‘Connections’ program celebrates milestone
Published 12:08 am Wednesday, May 13, 2015
RESERVE — The St. John the Baptist Parish Public School District celebrated a milestone April 30 when it honored its first group of students who will graduate through the Connections program.
Connections is a process for overage students to receive targeted instruction and accelerated remediation aimed at helping them attain a high school diploma.
Students begin the Connections program at the St. John Alternative School during their eighth grade year and take middle and high school classes simultaneously so they can enter high school with some credits and graduate in three years instead of four. The program also incorporates summer school and working with counselors and advisors to help students stay on track.
The 16 Connections students, who will graduate from East St. John High School this month, entered high school in 2012. Their plans after graduation include two-year universities, four-year universities and the military.
“Four years ago, we were looking for students who had potential but, at some point, something went awry. Now, you get to embark on your life a year earlier,” Heidi Trosclair, the district’s executive director of assessment and accountability who is in charge of Connections oversight, said during ESJ Connections Cohort No. 1 Celebration. “We believed in you then and we believe in you now.”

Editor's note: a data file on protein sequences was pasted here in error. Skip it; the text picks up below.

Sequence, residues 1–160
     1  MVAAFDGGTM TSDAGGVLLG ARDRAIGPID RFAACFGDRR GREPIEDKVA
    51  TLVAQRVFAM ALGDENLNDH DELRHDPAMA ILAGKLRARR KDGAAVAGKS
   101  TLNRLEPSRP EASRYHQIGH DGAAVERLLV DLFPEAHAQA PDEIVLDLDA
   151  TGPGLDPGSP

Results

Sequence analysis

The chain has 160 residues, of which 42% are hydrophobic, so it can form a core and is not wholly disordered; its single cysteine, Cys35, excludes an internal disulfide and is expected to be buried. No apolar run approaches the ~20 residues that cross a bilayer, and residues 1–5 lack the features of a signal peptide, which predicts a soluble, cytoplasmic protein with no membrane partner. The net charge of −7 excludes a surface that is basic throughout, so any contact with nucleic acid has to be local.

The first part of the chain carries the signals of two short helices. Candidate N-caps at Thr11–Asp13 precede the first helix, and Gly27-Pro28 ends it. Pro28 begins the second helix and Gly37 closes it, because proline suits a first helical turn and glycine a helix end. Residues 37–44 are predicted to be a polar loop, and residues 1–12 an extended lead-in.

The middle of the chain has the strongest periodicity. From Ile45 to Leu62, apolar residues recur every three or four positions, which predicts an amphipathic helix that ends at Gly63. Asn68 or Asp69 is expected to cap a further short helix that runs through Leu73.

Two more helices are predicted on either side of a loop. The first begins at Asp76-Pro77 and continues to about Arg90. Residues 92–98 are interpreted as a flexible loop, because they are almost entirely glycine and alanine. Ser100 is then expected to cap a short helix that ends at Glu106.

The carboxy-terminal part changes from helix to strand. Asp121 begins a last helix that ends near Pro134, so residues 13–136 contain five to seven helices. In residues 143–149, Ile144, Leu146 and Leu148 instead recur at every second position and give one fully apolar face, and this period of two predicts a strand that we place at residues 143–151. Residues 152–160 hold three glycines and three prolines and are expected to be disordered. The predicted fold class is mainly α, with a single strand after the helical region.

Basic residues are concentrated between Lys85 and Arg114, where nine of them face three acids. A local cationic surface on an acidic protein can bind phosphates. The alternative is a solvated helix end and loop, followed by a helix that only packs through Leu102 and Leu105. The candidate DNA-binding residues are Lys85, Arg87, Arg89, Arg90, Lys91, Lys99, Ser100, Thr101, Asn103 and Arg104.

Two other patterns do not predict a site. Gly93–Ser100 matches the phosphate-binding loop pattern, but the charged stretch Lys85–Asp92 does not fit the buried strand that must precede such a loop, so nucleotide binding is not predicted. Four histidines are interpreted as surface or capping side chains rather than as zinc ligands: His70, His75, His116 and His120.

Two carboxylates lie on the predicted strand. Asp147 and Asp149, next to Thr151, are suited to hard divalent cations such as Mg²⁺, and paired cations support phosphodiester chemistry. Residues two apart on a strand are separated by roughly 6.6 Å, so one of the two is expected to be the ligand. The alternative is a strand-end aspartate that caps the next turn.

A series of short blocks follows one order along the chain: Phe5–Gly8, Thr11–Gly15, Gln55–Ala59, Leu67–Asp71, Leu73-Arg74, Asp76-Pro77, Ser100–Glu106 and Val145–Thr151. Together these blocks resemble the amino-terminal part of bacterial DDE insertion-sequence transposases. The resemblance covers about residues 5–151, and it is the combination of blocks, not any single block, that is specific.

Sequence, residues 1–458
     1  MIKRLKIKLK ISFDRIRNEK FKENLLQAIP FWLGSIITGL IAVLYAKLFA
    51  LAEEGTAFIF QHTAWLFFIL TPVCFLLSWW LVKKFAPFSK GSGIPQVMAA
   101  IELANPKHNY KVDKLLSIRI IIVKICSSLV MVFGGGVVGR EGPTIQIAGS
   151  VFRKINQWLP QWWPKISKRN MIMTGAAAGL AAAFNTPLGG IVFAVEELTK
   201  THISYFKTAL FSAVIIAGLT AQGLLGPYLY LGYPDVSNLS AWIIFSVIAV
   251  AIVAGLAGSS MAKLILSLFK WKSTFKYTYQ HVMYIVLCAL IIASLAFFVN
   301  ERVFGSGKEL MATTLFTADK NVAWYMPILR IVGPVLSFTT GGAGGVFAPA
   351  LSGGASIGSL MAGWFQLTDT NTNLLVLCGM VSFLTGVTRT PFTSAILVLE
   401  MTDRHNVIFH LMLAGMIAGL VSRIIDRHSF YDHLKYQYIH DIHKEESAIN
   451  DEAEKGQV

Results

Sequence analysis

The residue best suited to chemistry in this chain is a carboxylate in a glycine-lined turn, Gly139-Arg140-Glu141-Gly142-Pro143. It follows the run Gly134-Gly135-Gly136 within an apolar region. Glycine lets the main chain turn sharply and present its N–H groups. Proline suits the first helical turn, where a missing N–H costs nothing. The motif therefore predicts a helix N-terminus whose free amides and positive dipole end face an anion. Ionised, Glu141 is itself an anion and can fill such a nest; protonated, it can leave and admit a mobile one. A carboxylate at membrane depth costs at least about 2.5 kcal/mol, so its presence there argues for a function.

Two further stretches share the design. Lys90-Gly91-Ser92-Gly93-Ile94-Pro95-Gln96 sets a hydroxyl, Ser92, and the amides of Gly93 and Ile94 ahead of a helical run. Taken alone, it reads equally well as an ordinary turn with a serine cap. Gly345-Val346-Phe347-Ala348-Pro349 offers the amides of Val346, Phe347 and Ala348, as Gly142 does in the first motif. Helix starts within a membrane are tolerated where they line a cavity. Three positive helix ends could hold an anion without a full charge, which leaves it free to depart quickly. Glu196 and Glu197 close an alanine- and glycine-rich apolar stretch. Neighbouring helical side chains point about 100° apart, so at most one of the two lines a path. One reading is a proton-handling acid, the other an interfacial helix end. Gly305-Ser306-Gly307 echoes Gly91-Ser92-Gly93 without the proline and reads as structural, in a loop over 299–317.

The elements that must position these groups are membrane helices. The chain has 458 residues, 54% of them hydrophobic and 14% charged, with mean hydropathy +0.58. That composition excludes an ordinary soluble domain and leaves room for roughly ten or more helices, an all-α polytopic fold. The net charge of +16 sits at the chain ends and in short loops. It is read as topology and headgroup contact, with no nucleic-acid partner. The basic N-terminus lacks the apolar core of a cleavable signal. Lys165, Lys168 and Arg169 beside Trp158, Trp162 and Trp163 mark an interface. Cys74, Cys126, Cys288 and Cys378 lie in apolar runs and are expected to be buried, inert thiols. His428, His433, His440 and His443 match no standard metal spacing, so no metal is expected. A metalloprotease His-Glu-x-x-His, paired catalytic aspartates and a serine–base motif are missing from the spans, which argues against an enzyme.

May 2015 graduate Elijah Whittington said he was one of the students who had let the obstacles in his life wear him down.
The son of a single mom struggling to provide for three boys, Washington said the family moved around so much it was hard to keep up with school work.
“I was honestly going to drop out I was so far behind,” he said. “When this opportunity arose I decided to take it. It was a once-in-a-lifetime opportunity for me.”
Whittington will soon leave for basic training with the National Guard, which he plans to use to fund his education when he returns.
Tija Jackson said she was a 16-year-old student in eighth grade at Garyville-Mt. Airy Math and Science Magnet School when she realized her younger cousin was moving on to high school without her, motivating her to give Connections a try.
“It’s a lot of work,” she said. “But I pushed myself and realized it’s easy.”
Now 19, she plans to attend South Central Louisiana Technical College in Reserve to become a licensed practical nurse.
Trosclair is hoping the success stories of this first group of graduates will serve as inspiration to students trying to decide whether to embark on the Connections journey.
“I was talking to some students the other day and when I told them they could graduate in three years the air went out of the room. They didn’t believe it,” she said. “Some of these students will be going to St. John Alternative to speak to these students to show them it can be done.”